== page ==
Canaanite Copper-Alloy Statuette of a God

£ 1,500.00

A copper-alloy Canaanite simplified human figure, composed of a thin rectangular bar with a human head and arms. The stylised face is expressive, composed of two large indented circular eyes, a sculpted nose and mouth, and lug ears projecting from either side of the head. The arm on the left is raised to the mouth, while the other gestures forwards.  Bronze statuettes of idols and worshippers, such as this fine example, would have been placed in graves, temples or private shrines for devotion. Due to the nature of his arm placement and the conical-shaped forehead, we can ascertain that this figure represents the god Ba’al.

This piece is accompanied with a custom made stand.

Date: 2nd Millenium BC
Provenance: Collection of a deceased London gentleman, before 1988.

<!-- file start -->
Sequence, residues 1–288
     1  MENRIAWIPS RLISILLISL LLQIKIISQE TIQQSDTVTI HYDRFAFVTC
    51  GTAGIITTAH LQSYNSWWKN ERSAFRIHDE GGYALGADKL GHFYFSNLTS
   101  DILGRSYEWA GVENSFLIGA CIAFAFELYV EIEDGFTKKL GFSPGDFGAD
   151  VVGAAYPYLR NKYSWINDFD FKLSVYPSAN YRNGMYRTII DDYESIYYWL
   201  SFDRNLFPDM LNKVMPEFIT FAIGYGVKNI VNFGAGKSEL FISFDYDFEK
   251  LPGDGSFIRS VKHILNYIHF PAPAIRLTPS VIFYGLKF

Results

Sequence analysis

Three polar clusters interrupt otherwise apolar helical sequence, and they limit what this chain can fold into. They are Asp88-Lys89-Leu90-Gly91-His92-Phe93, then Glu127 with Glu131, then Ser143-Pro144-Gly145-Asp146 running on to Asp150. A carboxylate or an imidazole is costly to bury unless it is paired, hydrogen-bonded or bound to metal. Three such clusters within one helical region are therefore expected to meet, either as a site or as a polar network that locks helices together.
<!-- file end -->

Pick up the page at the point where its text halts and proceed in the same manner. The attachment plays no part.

Condition: Fine. Surface is heavily patinated, with earthly encrustation.


The Canaanites were ancient people who inhabited the land of Canaan, modern day Israel, Palestine, Lebanon, Syria and Jordan. Bronze statuettes would have been cast in the shape of idols, worshippers or deities and used as votive pieces in tombs and shrines. Ba’al has a rich history and was worshipped amongst many cultures across the Western Asiatic. Translated to mean ‘owner’ or ‘lord’, the term was used as a title from the third millennium, referencing a deity in particular. It was associated with the god Hadad, another storm and fertility god, as Baʿal Haddu. By the first millenium the two gods were distinct and separate in their worship, with Ba’al increasing in importance. Eventually he replaced El as the chief deity of the Canaanite pantheon.

Weight 103.9 g
Dimensions L 13.2 x W 3.3 cm



Reference: For similar: The Metropolitan Museum, New York, item 32.18.5

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